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Minimize RSR Award Detail

Research Spending & Results

Award Detail

Awardee:UNIVERSITY OF NORTH CAROLINA AT CHARLOTTE, THE
Doing Business As Name:University of North Carolina at Charlotte
PD/PI:
  • Ehab S Al-Shaer
  • (630) 890-0225
  • ealshaer@uncc.edu
Award Date:09/12/2013
Estimated Total Award Amount: $ 149,999
Funds Obligated to Date: $ 149,999
  • FY 2013=$149,999
Start Date:10/01/2013
End Date:09/30/2016
Transaction Type:Grant
Agency:NSF
Awarding Agency Code:4900
Funding Agency Code:4900
CFDA Number:47.070
Primary Program Source:040100 NSF RESEARCH & RELATED ACTIVIT
Award Title or Description:EAGER: Toward Automated Integration of Moving Target Defense Techniques
Federal Award ID Number:1352238
DUNS ID:066300096
Parent DUNS ID:142363428
Program:Secure &Trustworthy Cyberspace
Program Officer:
  • Ralph Wachter
  • (703) 292-8950
  • rwachter@nsf.gov

Awardee Location

Street:9201 University City Boulevard
City:CHARLOTTE
State:NC
ZIP:28223-0001
County:Charlotte
Country:US
Awardee Cong. District:12

Primary Place of Performance

Organization Name:University of North Carolina Charlotte
Street:9201 University City Boulevard
City:Charlotte
State:NC
ZIP:28223-0001
County:Charlotte
Country:US
Cong. District:12

Abstract at Time of Award

Moving Target defense (MTD) is a new Cybersecurity paradigm for deterring and disturbing attacks proactively in order to counter the ?asymmetry? phenomena in cyber warfare. A number of moving target techniques have been recently proposed to inverse this asymmetry by randomizing systems? attributes (e.g., configuration) and exhibiting non-determinism to attackers. However, due to potential inter-dependency between various MTD mechanisms, an ad hoc combination of MTD techniques can cause profoundly detrimental effect on security, performance and the operational integrity of the system. This project is investigating novel and transformative approaches to formulate a prescriptive framework to instantiate new MTD strategies that are correct-by-construction, from an arbitrary list of MTD mechanisms. The proposed framework enables integrating MTD mechanisms vertically, or horizontally, while balancing the benefit and cost of the synthesized integrated MTD strategy. As a case study, two main classes of MTD mechanisms, namely, Host Configuration Mutation and Network Configuration Mutation, are integrated to create a cohesive and more powerful composite MTD mechanism. To this end, the results of this research enable new theoretical foundations and transformative approaches in the science of moving target defense by contributing to the understanding of automated reasoning for moving target defense synthesis and evaluation. As this far-forward looking EAGER proposal exhibits high-risk, it also entails high-value that is to be always many steps ahead of attackers. Through the development of a framework for reasoning about MTD, MTD course modules will be developed. The software artifacts permit for further experimentation and progress in this area.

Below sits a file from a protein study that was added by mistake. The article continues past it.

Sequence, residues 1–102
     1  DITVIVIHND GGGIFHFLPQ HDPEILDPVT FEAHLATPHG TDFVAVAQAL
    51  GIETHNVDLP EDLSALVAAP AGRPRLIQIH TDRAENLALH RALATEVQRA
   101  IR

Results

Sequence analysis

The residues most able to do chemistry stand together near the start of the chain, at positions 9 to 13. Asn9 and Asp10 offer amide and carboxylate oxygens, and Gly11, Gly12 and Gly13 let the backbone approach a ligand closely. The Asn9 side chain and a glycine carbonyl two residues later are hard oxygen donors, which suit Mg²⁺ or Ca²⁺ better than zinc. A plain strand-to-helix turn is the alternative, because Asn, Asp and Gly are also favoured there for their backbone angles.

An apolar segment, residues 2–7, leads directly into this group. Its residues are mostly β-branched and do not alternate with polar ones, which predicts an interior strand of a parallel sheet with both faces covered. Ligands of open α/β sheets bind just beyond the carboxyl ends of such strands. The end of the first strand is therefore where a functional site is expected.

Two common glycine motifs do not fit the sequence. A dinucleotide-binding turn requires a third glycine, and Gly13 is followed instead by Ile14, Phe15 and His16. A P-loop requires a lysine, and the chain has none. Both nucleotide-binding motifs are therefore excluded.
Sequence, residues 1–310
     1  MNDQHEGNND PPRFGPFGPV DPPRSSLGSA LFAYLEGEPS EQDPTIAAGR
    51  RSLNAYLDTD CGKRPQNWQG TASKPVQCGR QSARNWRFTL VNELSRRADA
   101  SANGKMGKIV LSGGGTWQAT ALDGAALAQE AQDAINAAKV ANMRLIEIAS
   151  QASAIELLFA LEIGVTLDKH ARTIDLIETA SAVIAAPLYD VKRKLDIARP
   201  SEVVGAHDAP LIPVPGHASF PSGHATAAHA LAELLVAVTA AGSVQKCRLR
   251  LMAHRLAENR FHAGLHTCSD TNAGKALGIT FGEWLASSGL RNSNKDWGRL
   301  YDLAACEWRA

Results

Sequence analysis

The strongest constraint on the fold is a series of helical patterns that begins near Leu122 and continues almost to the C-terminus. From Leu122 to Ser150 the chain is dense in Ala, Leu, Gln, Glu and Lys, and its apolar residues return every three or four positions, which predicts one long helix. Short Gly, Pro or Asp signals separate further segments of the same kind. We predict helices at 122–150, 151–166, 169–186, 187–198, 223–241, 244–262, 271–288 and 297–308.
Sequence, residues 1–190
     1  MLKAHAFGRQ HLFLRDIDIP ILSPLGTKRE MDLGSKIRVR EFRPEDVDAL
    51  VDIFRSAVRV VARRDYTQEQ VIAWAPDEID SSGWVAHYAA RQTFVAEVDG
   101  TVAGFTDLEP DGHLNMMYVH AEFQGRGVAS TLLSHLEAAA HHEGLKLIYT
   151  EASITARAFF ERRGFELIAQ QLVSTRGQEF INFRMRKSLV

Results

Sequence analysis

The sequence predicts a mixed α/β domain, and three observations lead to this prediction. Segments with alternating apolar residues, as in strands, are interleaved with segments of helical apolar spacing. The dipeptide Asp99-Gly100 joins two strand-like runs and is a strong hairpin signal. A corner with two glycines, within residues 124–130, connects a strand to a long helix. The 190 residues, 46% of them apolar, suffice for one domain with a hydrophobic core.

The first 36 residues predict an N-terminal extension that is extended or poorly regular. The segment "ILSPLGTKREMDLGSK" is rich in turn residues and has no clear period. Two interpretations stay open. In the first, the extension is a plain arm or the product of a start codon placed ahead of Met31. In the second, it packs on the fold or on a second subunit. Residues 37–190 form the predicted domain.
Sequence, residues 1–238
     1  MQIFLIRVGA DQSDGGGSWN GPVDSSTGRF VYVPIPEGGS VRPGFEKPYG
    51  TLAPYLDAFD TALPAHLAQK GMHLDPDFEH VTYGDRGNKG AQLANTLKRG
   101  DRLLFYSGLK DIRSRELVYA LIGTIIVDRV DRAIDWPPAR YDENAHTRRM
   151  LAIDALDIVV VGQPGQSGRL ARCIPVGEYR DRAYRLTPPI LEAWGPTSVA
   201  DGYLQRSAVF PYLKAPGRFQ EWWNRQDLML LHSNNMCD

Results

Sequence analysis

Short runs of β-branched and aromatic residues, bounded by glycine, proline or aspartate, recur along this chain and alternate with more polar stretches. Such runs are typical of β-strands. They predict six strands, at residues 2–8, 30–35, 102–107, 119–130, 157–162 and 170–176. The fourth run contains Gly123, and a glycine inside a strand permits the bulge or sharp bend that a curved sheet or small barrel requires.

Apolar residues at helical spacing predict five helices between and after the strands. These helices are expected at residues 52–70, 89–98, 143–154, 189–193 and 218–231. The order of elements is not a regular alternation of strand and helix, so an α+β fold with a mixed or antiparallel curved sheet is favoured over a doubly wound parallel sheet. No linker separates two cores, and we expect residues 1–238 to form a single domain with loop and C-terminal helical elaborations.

Publications Produced as a Result of this Research

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Jafar Haadi Jafarian, Ehab Al-Shaer, and Qi Duan "An Effective Address Mutation Approach for Disrupting Reconnaissance Attacks" IEEE Transactions on Information Forensics and Security., v.10, 2015, p.2562 - 25. doi:10.1109/TIFS.2015.2467358 


Project Outcomes Report

Disclaimer

This Project Outcomes Report for the General Public is displayed verbatim as submitted by the Principal Investigator (PI) for this award. Any opinions, findings, and conclusions or recommendations expressed in this Report are those of the PI and do not necessarily reflect the views of the National Science Foundation; NSF has not approved or endorsed its content.

Cyber mutation is a novel game changing cyber defense approach that frequently changes (mutates) the cyber configuration in unpredictable yet safe manner fto make attack planning and execution much harder, more expensive and/or potentially detectable and infeasible.  There are many various cyber mutation techniques including Random Host Mutation, Random Route Mutation, Fingerprinting Mutation, and others.

Th goals of this project are to develop a theoretical framework to integrate multiple adaptive cyber mutation strategies deployed simultaneously on the same cyber system in order to increase uncertainty on the adversary while avoiding conflicts and preserving the system requirements.

For this purpose, we developed a novel technique that establishes proactive adaptability into the network in order to defend Enterprises from known and unknown (zero-day) external and internal reconnaissance and scanning. Our approach randomizes (i.e., changes) the IP addresses of network hosts frequently, in order to make them untraceable for network reconnaissance attacks. The distribution based on which these addresses are assigned to network hosts, as well as the rate with which the addresses are randomized is adaptively determined by considering potential attacker’s actions.

The adaptation is fast and accurate, both in terms of characterizing the attack, and deploying the new configuration. To achieve a fast and accurate characterization of adversarial scanning strategies, we observe the sequence of unsuccessful probes that are generated by network hosts and estimate their distribution using statistical hypothesis testing. These hypotheses are tested in a sequential manner, thus incurring low computational overhead while successfully characterizing and reacting to the attacker (scanner) strategy, without breaking any of the cyber operational requirements. Our evaluation shows that when using our adaptive mutation technique the traditional scanners can not discover more than 1% of cyber assets and mutation cost is negligible.


Last Modified: 10/01/2016
Modified by: Ehab S Al-Shaer

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